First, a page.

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Root quorum

When you create a Turnkey organization, your user is created and will default to being the sole member of the root quorum. Because of the wide scope of permissions, it is important to take care when using any users in the root quorum. The following offers a technical overview and some best practices.

Technical overview

The root quorum is a group of users who can execute any action and bypass the policy engine.

The root quorum is defined by

  • userIds: the Ids of users who compose the quorum set
  • threshold: the number of quorum members required to execute an action as root

Actions approved by the root quorum do not go through the policy engine; thus it is impossible to limit root quorum actions with any policies.

The reason the root must be able to bypass the policy engine is that it is the only way for an organization to unbrick itself if it sets overly restrictive policies that do not allow it to update itself.

We can refer to a root quorum configuration as threshold / userIds.length. So a quorum with a threshold of 2 and set size of 5 can be referred to as 2 / 5.


When you create an organization, the root quorum will default to being your user and a threshold of 1.

Updating the root quorum

Only the current root quorum can approve updates to the quorum. It is not possible to add editing permissions to the root quorum through policies.

Both the website and public APIs expose the ability to update the root quorum.

Best practices

Limit tasks you perform with the root quorum

The root quorum should only be used in cases where it is absolutely necessary. In particular, the root quorum should primarily be used to unblock an organization in the event of incorrect policies or lockout. For example, if you accidentally set overly-restrictive policies that prevent users from taking any action, the root quorum can be used to delete the relevant policies.

Create scoped users for day-to-day actions

Ensure that you have scoped policies for day-to-day actions that you expect to complete. For example, you may have an API user with permissions to only create sub-organizations. You can read more about creating policies in our Policy Overview.

Configuration considerations

There are primarily two factors to consider when setting the root quorum

  • how hard is to get locked out of root? I.E. how many authenticators need to be lost/destroyed so the threshold cannot be met.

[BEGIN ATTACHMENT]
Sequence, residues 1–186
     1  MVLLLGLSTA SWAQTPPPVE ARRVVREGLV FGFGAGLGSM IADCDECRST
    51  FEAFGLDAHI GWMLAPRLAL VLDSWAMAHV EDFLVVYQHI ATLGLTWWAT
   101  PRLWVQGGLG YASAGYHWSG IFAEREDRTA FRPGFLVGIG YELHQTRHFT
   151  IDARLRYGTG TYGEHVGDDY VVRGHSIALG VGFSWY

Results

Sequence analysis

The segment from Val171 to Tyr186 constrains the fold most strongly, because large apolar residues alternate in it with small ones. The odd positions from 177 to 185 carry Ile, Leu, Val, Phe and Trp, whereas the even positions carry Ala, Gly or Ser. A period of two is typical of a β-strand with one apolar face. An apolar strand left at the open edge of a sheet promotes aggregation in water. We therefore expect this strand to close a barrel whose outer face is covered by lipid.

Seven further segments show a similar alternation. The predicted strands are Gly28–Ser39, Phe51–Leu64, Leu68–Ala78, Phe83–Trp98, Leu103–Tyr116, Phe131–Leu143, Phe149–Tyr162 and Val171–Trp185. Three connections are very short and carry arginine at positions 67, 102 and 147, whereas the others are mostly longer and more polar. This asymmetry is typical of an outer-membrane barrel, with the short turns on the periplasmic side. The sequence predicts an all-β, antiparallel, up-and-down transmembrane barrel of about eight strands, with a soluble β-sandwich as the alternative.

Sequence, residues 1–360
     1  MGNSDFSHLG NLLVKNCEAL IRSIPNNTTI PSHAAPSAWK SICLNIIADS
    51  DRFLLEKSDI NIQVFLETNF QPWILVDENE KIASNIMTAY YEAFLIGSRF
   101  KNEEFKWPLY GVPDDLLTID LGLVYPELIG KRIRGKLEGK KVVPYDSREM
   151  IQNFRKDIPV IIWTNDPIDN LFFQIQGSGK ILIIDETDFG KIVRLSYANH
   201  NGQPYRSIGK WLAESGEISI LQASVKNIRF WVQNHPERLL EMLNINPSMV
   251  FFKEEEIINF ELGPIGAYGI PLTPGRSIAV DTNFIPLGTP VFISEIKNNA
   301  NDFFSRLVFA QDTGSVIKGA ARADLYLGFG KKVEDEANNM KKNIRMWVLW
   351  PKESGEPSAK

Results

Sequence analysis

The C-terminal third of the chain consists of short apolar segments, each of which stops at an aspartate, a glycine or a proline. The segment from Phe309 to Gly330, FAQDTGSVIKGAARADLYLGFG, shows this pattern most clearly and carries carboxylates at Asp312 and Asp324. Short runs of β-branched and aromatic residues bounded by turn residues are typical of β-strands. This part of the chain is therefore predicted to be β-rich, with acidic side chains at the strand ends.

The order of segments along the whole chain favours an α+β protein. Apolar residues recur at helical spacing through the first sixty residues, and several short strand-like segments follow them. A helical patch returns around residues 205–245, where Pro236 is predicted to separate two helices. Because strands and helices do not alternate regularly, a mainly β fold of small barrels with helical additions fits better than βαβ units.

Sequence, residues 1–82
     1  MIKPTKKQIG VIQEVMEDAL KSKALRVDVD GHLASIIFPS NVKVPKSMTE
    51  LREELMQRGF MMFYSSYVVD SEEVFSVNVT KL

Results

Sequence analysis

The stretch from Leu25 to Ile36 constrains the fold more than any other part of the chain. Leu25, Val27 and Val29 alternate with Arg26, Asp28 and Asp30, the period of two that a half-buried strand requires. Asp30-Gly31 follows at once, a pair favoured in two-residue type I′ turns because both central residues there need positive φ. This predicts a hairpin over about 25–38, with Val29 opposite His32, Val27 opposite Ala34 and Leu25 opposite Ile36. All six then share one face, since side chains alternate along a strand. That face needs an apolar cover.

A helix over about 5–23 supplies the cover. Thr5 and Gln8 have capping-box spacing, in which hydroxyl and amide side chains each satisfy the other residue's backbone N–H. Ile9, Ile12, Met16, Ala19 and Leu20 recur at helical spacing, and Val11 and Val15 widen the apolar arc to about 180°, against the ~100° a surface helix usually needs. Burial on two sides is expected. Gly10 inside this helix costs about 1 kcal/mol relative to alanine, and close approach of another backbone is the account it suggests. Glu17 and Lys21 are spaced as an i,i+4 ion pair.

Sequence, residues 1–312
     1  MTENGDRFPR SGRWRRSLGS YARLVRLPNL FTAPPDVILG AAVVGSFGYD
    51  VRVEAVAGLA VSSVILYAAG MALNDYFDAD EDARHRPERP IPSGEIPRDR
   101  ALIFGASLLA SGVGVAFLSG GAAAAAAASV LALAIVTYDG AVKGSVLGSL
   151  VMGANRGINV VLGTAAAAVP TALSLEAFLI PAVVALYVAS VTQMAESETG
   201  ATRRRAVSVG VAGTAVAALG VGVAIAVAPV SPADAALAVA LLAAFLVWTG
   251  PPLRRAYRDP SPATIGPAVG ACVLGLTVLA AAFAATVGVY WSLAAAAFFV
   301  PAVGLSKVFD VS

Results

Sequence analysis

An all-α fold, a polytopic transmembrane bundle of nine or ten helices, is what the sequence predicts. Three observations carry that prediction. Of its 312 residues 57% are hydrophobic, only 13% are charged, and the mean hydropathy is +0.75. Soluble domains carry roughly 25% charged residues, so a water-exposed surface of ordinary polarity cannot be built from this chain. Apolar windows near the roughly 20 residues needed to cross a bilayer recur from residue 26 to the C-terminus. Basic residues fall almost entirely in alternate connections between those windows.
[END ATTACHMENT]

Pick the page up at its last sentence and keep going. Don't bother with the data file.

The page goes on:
• how many authenticators need to be compromised for an attacker to take root actions?

For example, if a quorum is configured as 2/5, then

  • if 4 users lost all their authenticators, no root actions could be taken (including updating the quorum itself).
  • if 2 different users authenticators are compromised, an attacker could steal all the organizations funds.

Example Setups

The below examples are provided as a convenience only. It is up to you to ensure that the root quorum setup you design is appropriate for your particular circumstances in order to secure your organization and minimize the risk of lockout of root functionality. Failure to properly configure your root quorom setup could result in complete loss of funds.

High Value Organization

Special users should be created that are only used for root actions. Those users' authenticators should be stored in geographically distributed locations that have personal access controls, are natural disaster resistant, and have redundancy in case of hardware failure. These would only be used in the case of a disaster.

For day to day admin operations, admin policies that use consensus can be put in place. These can be a set of finely scoped policies.

Low Value, End-User Directed Organization

The end-user and the business both have one user in the organization. The root quorum would be configured as a 1/2, which includes the business and end-users' Users. This allows the business support channel to unbrick the user if they lose access to their account or otherwise add overly restrictive policies.

Monitor for unintended use

Monitor your account for any unexpected activities coming from the root users. If you see an unexpected activity, you should remove any compromised authenticators or API keys.